CORRECT_ALL (-O) Try to correct the spelling of all arguments in a line.
Sounds innocent enough, doesn't it? After all, automatic stuff is awesome. It takes manual work from the user. You can't argue with that. And it can do good:
% foo="Hello World" % echo $fooo zsh: correct '$fooo' to '$foo'? (YNEA) y Hello World
So, why am I complaining so much about this? Well, a word that doesn't look special will always be subject to filename-based correction. Okay, that's a bit of a lie, too. If you look at zsh's source code, you will notice that zsh will not try word correction if the word is "in" or if the word starts in a dash (most commands in the unix realm take their options like that) or if the word starts with a percent sign (because in zsh - and other shells for that matter - you address backgrounded or suspended jobs with words that look like that).
Still doing filename-based correction on everything that doesn't look like something special borders on insanity. Many commands handle subcommands, like cvs or other version control systems. And how about this:
% touch ccommit % cvs commit zsh: correct 'commit' to 'ccommit'? (YNEA)
What the hell!? No! Or what about programs that take their options differently, say with a plus instead of a minus - and if only to have "+bar" mean the opposite of "-bar":
% touch bar % echo +bar zsh: correct '+bar' to 'bar'? (YNEA)
You can dream up an infinite amount of examples like that. On of the more prominent ones being the use of "sudo vim ..." on operating systems like Ubuntu, which in their default install disable the use of a `root' user to avoid it being misused by unsuspecting newcomers. Now if you use said command and are a self-respecting vim user, you'll have some sort of configuration for the editor within the ~/.vim subdirectory. And zsh will ask if it should correct "vim" to ".vim". Isn't that great.
One final example you can't leave out in arguments concerning `CORRECT_ALL' is its use in connection with potentially destructive commands such as `mv':
% ls foo mumble % mv foo mumbl zsh: correct 'mumbl' to 'mumble'? (YNEA)
In a moment of abstraction you might override files you wish you didn't have. But thank the mighty Zeus computer user never are in a hurry and always read enquiries made by their user interface quite carefully. ;)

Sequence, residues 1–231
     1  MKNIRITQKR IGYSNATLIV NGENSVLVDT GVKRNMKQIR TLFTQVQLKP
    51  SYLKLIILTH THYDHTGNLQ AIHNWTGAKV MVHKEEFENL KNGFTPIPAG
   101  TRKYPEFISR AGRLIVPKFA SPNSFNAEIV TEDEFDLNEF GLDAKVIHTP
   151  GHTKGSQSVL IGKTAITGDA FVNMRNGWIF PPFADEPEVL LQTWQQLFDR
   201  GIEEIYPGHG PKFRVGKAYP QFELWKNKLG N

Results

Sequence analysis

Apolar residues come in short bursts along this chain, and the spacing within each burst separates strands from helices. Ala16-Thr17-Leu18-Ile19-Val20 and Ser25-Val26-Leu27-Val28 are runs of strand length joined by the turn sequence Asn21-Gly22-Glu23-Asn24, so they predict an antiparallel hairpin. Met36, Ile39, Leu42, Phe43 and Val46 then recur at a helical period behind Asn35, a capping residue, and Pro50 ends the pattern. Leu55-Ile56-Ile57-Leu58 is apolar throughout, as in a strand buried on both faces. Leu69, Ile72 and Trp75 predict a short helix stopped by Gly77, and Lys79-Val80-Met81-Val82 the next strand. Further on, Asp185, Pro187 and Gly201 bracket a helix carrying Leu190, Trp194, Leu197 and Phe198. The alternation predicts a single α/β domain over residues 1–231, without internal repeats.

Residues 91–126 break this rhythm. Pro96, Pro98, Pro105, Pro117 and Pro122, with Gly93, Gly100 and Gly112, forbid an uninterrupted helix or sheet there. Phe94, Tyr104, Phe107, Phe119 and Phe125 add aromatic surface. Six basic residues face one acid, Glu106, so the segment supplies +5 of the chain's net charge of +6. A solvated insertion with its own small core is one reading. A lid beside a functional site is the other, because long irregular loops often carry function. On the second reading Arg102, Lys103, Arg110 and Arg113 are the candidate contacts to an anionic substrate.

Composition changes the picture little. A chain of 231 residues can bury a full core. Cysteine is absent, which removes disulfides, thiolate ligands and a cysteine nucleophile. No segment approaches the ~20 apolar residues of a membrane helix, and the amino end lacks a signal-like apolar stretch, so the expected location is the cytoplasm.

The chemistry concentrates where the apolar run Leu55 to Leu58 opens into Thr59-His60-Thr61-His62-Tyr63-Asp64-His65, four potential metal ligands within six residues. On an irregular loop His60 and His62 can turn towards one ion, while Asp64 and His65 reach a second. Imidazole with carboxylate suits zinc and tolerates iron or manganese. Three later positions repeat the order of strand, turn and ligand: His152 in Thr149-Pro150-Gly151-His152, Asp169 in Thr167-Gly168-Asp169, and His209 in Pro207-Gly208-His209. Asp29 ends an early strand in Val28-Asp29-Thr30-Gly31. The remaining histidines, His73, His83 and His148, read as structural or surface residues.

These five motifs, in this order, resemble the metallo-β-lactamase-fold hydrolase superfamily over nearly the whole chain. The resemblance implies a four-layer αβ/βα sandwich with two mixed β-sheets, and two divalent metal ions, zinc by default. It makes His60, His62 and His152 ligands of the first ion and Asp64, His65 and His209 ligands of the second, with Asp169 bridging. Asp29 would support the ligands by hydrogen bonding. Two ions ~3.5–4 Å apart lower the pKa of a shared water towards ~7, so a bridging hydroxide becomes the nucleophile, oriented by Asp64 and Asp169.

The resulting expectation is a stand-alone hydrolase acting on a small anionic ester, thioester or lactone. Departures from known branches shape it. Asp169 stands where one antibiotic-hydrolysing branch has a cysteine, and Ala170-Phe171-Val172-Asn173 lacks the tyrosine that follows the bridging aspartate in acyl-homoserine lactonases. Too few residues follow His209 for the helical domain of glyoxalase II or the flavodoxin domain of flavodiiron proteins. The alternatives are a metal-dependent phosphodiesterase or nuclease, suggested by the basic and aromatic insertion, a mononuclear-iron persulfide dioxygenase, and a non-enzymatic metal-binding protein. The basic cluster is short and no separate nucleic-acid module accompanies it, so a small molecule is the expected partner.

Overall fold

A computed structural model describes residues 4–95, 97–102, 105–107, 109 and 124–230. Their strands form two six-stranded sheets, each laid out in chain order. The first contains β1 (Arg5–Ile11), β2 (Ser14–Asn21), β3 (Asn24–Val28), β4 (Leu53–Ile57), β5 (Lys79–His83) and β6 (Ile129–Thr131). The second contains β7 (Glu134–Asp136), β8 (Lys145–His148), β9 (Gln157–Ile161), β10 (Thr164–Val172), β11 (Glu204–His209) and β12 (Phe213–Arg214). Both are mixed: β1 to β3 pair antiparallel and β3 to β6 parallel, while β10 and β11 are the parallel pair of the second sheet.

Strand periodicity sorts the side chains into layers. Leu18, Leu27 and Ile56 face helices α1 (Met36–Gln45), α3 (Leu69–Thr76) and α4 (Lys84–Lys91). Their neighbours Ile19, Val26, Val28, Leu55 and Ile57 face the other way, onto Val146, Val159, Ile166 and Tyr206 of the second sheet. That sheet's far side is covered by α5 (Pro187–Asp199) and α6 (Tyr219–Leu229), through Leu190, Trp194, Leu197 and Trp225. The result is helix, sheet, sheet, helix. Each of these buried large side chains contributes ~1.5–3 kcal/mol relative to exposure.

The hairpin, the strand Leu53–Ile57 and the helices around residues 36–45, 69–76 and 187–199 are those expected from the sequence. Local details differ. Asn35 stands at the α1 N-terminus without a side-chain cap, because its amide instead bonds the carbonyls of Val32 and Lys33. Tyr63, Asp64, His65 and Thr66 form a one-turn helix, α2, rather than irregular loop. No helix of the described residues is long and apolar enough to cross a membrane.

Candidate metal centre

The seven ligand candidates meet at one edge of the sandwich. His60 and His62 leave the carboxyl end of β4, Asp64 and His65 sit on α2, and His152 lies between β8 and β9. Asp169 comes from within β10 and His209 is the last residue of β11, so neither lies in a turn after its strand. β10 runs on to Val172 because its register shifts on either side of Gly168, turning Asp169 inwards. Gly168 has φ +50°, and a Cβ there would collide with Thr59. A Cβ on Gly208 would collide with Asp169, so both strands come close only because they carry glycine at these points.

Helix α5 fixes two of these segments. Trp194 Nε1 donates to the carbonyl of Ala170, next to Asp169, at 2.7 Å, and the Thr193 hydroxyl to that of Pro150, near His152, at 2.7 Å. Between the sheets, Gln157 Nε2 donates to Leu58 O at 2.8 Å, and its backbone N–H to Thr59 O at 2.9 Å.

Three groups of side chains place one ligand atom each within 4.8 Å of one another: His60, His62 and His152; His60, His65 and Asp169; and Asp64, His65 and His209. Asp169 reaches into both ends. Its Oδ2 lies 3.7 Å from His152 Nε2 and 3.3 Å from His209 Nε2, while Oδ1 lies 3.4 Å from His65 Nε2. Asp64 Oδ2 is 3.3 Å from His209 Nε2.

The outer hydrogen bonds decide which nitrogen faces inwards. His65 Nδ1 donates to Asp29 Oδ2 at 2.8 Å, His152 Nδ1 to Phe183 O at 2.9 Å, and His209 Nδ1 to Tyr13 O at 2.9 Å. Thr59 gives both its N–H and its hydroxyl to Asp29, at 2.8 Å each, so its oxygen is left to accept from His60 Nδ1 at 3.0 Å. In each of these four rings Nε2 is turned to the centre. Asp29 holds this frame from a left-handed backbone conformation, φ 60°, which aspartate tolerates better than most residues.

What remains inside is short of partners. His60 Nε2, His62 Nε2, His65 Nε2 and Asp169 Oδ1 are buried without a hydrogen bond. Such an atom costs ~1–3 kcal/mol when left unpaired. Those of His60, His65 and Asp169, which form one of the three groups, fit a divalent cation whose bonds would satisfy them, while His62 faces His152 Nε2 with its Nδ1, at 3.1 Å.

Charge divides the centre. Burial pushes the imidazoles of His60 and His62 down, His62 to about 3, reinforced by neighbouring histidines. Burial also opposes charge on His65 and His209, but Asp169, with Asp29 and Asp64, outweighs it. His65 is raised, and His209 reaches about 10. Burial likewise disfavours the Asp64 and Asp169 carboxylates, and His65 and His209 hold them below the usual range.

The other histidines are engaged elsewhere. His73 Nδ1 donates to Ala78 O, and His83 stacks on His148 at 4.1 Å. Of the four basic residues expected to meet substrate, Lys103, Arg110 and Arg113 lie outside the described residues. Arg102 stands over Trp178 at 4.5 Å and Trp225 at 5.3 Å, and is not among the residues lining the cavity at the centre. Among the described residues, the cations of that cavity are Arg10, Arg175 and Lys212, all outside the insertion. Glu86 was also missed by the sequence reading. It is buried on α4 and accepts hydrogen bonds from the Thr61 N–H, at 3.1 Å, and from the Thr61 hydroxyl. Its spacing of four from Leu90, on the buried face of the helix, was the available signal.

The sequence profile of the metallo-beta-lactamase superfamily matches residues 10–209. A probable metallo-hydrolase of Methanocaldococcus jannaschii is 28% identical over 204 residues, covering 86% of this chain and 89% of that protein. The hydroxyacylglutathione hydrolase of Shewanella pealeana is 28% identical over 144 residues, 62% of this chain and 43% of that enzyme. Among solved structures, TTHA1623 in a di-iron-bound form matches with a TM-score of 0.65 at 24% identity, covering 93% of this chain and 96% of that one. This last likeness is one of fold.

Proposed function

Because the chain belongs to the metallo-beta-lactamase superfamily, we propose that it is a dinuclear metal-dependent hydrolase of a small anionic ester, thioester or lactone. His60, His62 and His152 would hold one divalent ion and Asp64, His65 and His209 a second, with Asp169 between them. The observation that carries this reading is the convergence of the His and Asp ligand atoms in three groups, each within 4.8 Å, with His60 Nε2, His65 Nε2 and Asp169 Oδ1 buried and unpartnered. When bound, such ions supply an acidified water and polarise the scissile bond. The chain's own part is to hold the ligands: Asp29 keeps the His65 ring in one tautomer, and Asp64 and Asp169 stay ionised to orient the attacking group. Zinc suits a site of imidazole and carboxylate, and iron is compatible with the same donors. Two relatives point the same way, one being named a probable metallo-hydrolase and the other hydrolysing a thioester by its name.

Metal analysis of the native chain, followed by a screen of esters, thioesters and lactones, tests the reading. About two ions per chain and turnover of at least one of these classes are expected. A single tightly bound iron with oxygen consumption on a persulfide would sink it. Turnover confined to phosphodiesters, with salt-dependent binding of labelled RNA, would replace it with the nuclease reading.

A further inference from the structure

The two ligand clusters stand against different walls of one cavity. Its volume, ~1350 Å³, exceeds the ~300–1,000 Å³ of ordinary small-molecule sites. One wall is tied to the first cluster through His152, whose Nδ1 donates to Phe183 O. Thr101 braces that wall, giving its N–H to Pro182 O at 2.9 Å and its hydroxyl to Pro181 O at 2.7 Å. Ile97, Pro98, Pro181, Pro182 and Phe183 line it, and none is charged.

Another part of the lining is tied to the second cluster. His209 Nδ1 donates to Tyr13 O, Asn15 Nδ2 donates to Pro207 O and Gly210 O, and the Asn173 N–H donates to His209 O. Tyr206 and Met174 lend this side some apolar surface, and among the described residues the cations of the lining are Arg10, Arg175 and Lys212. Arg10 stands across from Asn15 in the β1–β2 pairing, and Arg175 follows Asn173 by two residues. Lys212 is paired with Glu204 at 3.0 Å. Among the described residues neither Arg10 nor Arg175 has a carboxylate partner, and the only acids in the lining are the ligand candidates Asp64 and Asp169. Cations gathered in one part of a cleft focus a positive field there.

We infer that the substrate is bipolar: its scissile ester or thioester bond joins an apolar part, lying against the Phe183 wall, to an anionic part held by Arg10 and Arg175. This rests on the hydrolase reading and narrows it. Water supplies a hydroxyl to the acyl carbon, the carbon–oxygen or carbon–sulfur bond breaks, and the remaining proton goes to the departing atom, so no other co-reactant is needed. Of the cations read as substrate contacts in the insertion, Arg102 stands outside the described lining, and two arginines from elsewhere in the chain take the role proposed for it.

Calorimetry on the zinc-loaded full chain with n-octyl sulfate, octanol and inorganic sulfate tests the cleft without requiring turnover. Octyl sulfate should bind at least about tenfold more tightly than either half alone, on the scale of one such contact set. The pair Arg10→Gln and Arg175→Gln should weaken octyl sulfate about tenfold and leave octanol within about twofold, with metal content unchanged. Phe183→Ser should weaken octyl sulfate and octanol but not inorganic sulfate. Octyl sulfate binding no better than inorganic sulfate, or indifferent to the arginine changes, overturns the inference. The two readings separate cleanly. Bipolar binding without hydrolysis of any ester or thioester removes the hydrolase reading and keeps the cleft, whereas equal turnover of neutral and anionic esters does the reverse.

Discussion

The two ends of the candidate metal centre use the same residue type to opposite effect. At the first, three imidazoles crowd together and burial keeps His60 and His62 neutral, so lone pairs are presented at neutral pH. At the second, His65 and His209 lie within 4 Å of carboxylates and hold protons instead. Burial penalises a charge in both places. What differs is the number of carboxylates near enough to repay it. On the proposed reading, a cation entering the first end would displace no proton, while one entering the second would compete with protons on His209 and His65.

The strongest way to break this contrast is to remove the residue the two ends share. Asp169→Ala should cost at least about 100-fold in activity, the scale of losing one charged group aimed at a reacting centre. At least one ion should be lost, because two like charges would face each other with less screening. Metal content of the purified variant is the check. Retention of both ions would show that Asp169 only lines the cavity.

It's not that you cannot reign correction in at all. You can. How? Well, you have the option to turn correction off selectively for commands with which it doesn't have a chance:
% alias echo="nocorrect echo" % echo +bar +bar
I am sure anybody who really uses `CORRECT_ALL' already does something like that, because it is pretty much the only option you got, since sadly, you cannot setup more special-case ignores (like the default "-*" and "%*") via the `$CORRECT_IGNORE' parameter. It doesn't apply for filename-based as done by `CORRECT_ALL'. That's a pity. Maybe it's time for an additional `$CORRECT_FILES_IGNORE' parameter. "Send patches!", I guess.
FWIW, I am not against automatic correction. It is just that this way is blatantly wrong so much of the time, that its use should never ever be advocated to new users. Things could be better, too. Zsh has this wonderful completion system that has a pretty good idea of what the context for a cursor-position in a given command buffer is. Is the current word an option? a command? a file? It could tell us. If the correction mechanism could then dispatch to specific handlers, everything could be made to make the right choice at quite an impressive rate. The problem is that the correction mechanism is very much hardcoded within zsh's C core. I've tried for a day or two years ago, but shut down the experiment because it was too much work for too little gain.
Too little gain? Why yes. You're using zsh. You shouldn't ever have a misspelled file name on your command line anyway. If you do, you didn't use zsh's completion system. Which you should. All. The. Time. It has completers like `_correct' and `_approximate', that can help you get the spelling of sub-commands, options, file names and whatever else right. This sort of power makes `CORRECT_ALL' largely obsolete in my humble opinion, so much that this particular option became the one feature I wish zsh did not have.
I hope I made my position as well as my concerns clear. I do not deem automatic action in general, or correction specifically, to be evil. Far from it. I love it. I am also a user of the `CORRECT' option - because it has a decent chance to be right most of the time. `CORRECT_ALL', at least if set without any other sort of configuration, does not.
Now that I think of it, maybe this article should have rather been called "Anything that advocates or sets `CORRECT_ALL' by default considered harmful", but that would have sounded way too long and clumsy. :-)